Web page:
3 years ago this month my first published book was released. Why Holiness Matters: We’ve Lost Our Way But We Can Find it Again was my attempt at telling my story in a way that would help others see that their own struggles did not impede them from living the life God desired for them. I never thought I had a book in me, but through a lot of support, prayer, and hard work I created something I am legitimately proud of.
Eighteen months prior to the release the man who would end up being my main support asked me if I’d ever considered writing a book. I said quite simply, “no.” Because of this I pitched the idea of a short ebook, instead of a full-length print book. This slowly changed, mostly as people who I’m indebted to convinced me that even though I didn’t consider myself a writer, I could write a book.
At the time of signing the book contract, I had another 18 months before graduating from seminary with my masters degree. I had originally gone to seminary for spiritual formation and to be equipped for leading more than music within the local church. But the process of writing the book helped me discover pieces of myself I never knew existed.
In light of all this I thought I would share a few brief lessons learned from my experience of publishing a book. I have conversations with young writers, Christian leaders, and mom bloggers, all with the hopes of publishing a book. I hope the lessons I’ve learned can be helpful.
You never know what you’re capable of until you take on a project you know you’ll fail.
My senior year of undergrad college I wrote a 3,000 word essay. I could barely get to 2,000 words before I felt I had run out of ideas. Taking on this book project was a 40,000 word endeavor, while working full-time AND going to school part-time. It was impossible.
And if I tried to take on the project myself I would have failed. I invited a group of writer friends to help me. The credit to a finished book largely belongs to them, not me.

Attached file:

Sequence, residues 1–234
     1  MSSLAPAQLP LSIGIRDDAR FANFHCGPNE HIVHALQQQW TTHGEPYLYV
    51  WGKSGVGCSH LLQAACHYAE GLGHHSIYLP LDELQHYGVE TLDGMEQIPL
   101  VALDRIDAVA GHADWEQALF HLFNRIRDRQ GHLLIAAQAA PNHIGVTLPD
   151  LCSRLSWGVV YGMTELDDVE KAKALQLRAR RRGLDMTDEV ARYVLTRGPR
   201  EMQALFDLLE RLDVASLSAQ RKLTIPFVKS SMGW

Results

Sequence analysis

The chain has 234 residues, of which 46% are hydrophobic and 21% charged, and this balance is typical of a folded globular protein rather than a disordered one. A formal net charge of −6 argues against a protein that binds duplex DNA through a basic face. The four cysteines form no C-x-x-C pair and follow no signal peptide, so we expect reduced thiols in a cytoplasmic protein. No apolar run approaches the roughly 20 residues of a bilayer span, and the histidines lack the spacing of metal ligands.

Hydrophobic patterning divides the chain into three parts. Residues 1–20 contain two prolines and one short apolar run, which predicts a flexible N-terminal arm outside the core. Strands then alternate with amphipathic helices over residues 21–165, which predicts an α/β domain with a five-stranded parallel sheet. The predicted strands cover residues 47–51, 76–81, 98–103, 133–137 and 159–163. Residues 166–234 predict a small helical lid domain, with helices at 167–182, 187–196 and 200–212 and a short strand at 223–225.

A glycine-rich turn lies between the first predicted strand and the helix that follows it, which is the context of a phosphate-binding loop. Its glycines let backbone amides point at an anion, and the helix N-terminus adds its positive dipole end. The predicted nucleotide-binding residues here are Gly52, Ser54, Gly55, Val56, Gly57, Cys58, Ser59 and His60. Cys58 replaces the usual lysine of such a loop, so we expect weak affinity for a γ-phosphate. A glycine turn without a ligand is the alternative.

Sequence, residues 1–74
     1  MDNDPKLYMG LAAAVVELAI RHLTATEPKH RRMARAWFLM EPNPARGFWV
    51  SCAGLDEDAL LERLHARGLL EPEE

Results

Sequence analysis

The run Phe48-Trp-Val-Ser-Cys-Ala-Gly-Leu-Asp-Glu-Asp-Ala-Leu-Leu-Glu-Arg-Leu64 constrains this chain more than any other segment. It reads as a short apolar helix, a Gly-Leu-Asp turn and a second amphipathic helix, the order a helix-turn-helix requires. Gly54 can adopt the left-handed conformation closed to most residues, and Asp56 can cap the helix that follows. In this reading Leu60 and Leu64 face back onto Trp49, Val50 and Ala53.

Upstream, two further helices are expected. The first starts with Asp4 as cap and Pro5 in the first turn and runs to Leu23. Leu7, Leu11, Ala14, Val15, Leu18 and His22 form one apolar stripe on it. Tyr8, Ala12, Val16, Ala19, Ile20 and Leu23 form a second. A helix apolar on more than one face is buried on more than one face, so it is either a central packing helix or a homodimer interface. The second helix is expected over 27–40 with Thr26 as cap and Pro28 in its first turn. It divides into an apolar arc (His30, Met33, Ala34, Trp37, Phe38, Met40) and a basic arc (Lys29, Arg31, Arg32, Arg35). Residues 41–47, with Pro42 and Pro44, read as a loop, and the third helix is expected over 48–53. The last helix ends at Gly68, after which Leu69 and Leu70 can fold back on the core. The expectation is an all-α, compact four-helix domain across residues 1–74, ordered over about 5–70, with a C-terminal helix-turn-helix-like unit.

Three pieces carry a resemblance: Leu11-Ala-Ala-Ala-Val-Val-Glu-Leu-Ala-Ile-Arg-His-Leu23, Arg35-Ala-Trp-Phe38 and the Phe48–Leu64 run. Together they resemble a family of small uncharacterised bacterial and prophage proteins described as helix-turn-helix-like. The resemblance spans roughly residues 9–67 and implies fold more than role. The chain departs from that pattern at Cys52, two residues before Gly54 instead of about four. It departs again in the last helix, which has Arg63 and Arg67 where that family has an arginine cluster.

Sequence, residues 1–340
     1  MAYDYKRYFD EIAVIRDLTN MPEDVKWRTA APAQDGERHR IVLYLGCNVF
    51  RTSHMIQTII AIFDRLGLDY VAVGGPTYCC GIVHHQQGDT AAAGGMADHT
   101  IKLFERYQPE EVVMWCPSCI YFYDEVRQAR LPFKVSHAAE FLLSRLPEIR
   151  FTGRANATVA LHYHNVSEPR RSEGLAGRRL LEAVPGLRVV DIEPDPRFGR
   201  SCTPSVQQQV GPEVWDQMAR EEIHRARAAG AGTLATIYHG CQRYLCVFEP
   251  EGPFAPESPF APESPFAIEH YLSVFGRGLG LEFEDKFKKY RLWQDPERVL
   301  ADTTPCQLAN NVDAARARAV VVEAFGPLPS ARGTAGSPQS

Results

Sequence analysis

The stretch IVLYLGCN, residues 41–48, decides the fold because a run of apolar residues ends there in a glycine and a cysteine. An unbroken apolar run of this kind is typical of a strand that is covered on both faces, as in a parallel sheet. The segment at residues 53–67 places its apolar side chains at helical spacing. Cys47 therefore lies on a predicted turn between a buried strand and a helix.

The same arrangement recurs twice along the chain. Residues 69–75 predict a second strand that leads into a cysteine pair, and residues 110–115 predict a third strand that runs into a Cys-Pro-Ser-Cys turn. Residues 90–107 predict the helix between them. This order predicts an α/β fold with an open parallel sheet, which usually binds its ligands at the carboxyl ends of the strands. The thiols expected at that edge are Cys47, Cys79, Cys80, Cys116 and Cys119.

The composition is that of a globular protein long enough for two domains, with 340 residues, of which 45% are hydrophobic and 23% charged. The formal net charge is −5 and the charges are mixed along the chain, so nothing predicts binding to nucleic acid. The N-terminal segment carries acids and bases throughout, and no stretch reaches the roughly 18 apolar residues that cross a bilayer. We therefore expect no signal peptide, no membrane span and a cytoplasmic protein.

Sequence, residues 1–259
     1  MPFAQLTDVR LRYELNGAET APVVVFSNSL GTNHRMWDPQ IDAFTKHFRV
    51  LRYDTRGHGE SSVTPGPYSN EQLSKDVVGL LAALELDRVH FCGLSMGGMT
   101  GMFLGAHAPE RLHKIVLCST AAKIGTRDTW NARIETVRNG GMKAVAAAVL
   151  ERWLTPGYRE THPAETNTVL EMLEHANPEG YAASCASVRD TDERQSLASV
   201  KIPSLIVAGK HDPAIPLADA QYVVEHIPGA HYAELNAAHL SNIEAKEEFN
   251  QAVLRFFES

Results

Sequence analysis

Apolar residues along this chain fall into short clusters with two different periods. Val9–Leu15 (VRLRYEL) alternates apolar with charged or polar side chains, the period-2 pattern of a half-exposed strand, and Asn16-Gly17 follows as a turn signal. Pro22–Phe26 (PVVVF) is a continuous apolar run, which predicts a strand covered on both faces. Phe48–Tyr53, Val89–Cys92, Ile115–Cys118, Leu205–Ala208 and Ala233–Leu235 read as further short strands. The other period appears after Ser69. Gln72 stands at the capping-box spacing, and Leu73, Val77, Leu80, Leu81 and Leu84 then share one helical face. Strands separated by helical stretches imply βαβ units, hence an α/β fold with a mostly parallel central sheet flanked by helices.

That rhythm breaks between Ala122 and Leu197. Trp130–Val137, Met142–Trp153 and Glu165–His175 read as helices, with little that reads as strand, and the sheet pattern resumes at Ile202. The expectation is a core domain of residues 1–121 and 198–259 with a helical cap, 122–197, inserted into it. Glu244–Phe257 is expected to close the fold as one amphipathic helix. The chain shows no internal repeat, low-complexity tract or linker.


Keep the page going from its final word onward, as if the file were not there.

In writing the book I started to realize I enjoyed the challenge of studying a topic and Scripture passages, and figuring out ways to communicate them to help people. I would not be in my current pastoral role had I not discovered that in the process of writing the book.
Discipline beats enthusiasm.
Karen gave me the helpful advice of not thinking about the large word count that I had agreed to in the book contract. She told me to figure out how many words I needed to write every week, every day. “Anyone can write 300 words a day,” she said. She’s right.
Eventually enthusiasm wanes, but the disciplined push through, finding new enthusiasm on the other end of their discipline. I think of book writing, marriage, and pastoral ministry quite similarly. I’m not always madly in love with my wife, but I choose to love her. I’m not always excited to pour into the lives of people, but I know my commitment to do so will produce helpful change.
Success is pointless. Utterly pointless.
What is success? And once you’ve reached that level of success, what becomes success after that? My friend Anne told me not to read the quarterly sales reports that the publisher would mail me. It was good advice because those will help you feel like a failure.
The lack of objectivity in finding success can lead some to lack internal hustle, but instead it should reorient why you take on such a large project. Work as hard as you can with the time and resources given, and then leave the success up to God.
A pastor I’m connected to released a book and then said, “I’m not really doing anything to sell it.” I thought he was rather stupid, to be honest. But now a few years later I see that he was probably smarter than me, because he wasn’t chasing after the mirage of success.
Why do I share all this?
All of these life learnings came from tackling a project I could not do on my own. I sure hope the book has and continues to have impact on many lives, but the process of writing it had as much or more impact on me. And for that reason I think all the effort was worth it.